Whilst working as “Chief of Apollo Data Priority Coordination” during the Apollo space program — or, as Gene Kranz fondly labelled him, “pretty much the architect for all of the techniques that we used to go down to the surface of the Moon” — NASA engineer Bill Tindall was renowned within the agency for the informal tone of the incredibly important internal memos he sent during his tenure. So much so that these “Tindallgrams” have been circulating amongst enthusiasts ever since, and can be found, in PDF format, at the collectSPACE website.
Below is just one of the hundreds he sent. It was written in November of 1968, just eight months prior to the Apollo 11 spaceflight, and saw Tindall amusingly bring to light a potentially startling problem relating to the Lunar Module.
Transcript follows. Image courtesy of collectSPACE. Huge thanks to Mike Harney for bringing it to my attention.
UNITED STATES GOVERNMENT
DATE: November 25, 1968
TO: See list attached
FROM: PA/Chief, Apollo Data Priority Coordination
SUBJECT: LM DPS low level light fixing
I think this will amuse you. It’s something that came up the other day during a Descent Abort Mission Mission Techniques meeting.
As you know, there is a light on the LM dashboard that comes on when there is about two minutes worth of propellent remaining in the DPS tanks with the engine operating at quarter thrust. This is to give the crew an indication of how much time they have left to perform the landing or to abort out of there. It compliments the propellant gauges. The present LM weight and descent trajectory is such that this light will always come on prior to touchdown. This signal, it turns out, is connected to the master alarm – how about that! In other words, just at the most critical time in the most critical operation of a perfectly nominal lunar landing mission, the master alarm with all its lights, bells, and whistles will go off. This sounds right lousy to me. In fact, Pete Conrad tells me he labeled it completely unacceptable four or five years ago, but he was probably just an Ensign at the time and apparently no one paid any attention. If this is not fixed, I predict the first words uttered by the first astronaut to land on the moon will be “Gee whiz, that master alarm certainly startled me.”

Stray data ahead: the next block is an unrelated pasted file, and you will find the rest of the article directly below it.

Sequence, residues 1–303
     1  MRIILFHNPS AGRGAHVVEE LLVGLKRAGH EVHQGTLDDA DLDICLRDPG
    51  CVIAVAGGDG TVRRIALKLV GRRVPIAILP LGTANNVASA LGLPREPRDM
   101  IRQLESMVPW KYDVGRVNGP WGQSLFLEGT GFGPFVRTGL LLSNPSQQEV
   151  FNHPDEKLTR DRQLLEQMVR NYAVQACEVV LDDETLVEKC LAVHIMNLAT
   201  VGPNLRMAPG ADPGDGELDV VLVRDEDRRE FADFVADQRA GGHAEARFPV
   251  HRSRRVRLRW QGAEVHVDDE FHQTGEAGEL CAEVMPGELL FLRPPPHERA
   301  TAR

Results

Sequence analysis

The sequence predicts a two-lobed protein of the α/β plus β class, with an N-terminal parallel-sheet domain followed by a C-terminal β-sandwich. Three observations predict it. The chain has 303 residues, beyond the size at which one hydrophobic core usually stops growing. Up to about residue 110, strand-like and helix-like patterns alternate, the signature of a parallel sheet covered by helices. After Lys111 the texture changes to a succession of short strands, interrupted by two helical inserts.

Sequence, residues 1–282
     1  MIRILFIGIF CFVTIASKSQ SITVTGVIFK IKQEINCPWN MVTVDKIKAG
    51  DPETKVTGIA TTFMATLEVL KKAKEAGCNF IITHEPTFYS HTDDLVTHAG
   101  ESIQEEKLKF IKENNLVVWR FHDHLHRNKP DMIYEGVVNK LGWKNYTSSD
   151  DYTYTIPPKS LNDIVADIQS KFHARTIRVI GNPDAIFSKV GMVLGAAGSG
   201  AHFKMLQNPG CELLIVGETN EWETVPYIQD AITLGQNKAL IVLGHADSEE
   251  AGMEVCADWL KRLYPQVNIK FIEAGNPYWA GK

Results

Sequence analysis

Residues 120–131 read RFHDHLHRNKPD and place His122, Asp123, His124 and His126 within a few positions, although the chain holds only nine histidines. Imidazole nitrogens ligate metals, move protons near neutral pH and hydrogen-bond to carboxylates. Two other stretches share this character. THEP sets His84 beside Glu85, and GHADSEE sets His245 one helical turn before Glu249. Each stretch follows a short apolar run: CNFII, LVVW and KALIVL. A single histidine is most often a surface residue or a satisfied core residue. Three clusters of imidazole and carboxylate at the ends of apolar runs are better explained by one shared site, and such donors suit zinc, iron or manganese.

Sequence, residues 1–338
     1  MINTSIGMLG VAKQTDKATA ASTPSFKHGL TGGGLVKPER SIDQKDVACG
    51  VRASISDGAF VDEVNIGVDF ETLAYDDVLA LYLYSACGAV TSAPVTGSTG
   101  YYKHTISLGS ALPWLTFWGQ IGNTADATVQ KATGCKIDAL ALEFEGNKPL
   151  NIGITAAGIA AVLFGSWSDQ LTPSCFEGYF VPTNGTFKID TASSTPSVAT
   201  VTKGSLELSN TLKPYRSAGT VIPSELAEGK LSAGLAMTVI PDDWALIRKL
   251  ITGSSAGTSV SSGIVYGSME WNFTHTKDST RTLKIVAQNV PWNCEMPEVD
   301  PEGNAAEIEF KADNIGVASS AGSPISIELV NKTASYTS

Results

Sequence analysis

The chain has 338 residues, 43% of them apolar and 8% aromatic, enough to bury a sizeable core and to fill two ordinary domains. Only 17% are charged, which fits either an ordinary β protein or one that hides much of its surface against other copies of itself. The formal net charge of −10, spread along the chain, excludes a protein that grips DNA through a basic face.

As I understand it, cutting the wire to the master alarm eliminates the low level sensor too. If nothing else can be done, this should be and we’ll get along just using the propellent gauges without the light. If possible, a better fix would be to cut the wire on both sides of the master alarm and jumper the signal to the light only.
Incidentally, on the D mission the propellent levels will be low enough when we get to the DPS rendezvous maneuvers – Phasing and Insertion – that if this system is activated prior to ullage, the master alarm will likely go off. I guess it will be standard procedure to punch it off if that happens. But, where this is just an annoyance on D, it is dangerous on G.
Howard W. Tindall, Jr.